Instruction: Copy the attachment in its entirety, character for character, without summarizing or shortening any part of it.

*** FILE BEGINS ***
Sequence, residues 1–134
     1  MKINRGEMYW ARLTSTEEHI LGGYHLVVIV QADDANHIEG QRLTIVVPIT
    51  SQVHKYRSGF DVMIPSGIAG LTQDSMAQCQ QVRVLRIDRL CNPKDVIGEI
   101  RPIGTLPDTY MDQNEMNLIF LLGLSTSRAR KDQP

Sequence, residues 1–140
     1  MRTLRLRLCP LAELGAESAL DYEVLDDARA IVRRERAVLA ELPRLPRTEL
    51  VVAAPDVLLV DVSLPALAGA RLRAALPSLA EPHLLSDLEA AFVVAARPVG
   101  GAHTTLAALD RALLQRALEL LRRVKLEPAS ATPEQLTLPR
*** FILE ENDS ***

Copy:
Sequence, residues 1–134
     1  MKINRGEMYW ARLTSTEEHI LGGYHLVVIV QADDANHIEG QRLTIVVPIT
    51  SQVHKYRSGF DVMIPSGIAG LTQDSMAQCQ QVRVLRIDRL CNPKDVIGEI
   101  RPIGTLPDTY MDQNEMNLIF LLGLSTSRAR KDQP

Sequence, residues 1–140
     1  MRTLRLRLCP LAELGAESAL DYEVLDDARA IVRRERAVLA ELPRLPRTEL
    51  VVAAPDVLLV DVSLPALAGA RLRAALPSLA EPHLLSDLEA AFVVAARPVG
   101  GAHTTLAALD RALLQRALEL LRRVKLEPAS ATPEQLTLPR